Former president of South Africa, Thabo Mbeki has explained how he and Abdulsalami Abubakar, former head of state of Nigeria, worked against a third term bid of former President Olusegun Obasanjo.
Towards the end of Obasanjo’s second term as president, a bill was proposed to the Nigerian National Assembly to amend the constitution and grant the president an extra term.
The bid was eventually defeated by a senate headed by Ken Nnamani.
Speaking virtually on Thursday at a conference held in Abuja, Mbeki explained his role alongside Abubakar in working against the proposed constitutional amendment.
He said: “As a privilege to reiterate the commitment of general Abubakar to democracy in Nigeria in 2006, more than five years after he had handed over powers to Olusegun Obasanjo, the constitution on whose basis president Obasanjo was elected described a two-term limit for the head of state, and since he [Obasanjo] had been elected for the second time, this meant that he would end his term in 2007,”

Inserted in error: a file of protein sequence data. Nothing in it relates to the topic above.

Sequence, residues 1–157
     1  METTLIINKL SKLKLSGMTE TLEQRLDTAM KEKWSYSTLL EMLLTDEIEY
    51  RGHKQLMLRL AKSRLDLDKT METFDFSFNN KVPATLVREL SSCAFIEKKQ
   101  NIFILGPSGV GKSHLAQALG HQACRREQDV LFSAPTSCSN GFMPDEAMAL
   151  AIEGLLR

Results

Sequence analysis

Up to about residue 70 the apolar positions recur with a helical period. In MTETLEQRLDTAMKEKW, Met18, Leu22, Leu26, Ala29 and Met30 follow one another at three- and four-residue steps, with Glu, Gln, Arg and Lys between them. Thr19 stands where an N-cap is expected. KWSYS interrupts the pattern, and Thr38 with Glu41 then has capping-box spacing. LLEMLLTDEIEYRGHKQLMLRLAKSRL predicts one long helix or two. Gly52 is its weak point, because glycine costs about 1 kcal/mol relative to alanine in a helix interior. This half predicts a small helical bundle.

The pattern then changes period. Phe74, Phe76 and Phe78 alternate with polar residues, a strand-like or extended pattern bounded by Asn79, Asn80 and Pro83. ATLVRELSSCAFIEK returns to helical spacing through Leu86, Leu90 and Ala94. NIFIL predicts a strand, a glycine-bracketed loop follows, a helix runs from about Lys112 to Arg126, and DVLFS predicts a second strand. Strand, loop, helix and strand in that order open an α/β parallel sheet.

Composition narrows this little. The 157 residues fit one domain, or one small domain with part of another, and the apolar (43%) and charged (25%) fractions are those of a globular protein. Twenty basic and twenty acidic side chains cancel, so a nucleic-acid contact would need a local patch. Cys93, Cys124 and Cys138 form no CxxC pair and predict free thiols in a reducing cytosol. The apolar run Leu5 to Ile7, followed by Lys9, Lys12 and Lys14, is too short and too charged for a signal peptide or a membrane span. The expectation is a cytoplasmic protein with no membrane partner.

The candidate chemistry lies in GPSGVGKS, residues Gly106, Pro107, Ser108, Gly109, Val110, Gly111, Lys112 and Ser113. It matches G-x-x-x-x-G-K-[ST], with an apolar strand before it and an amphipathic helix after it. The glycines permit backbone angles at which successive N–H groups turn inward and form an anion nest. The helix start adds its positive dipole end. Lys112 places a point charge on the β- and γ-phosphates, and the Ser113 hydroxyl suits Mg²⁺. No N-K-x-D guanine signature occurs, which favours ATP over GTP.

“But some time before, in 2005, a campaign began in Nigeria to amend the constitution to allow for three presidential terms. This developed to a point that the draft of the proposed amendment had been presented to the Nigerian parliament as papers.
“When I heard about this development, I engaged Obasanjo to communicate my unease at the proposal. In the end, I discussed it with general Abubakar, and we agreed that the proposed amendment was undesirable. We shared the view that the amendment must be avoided at all costs. We were of one mind that it spells bad both for Nigeria and the rest of the continent, tampering with and compromising our democratic system, which is just a few years old.
“We agreed to add our voices to those kicking against the amendment. We agreed that Abdulsalam would follow the situation in Nigeria closely and indicate to me when we should intervene against the constitutional amendment. I was very pleased when he called that the Nigerian senate has voted against the amendment.”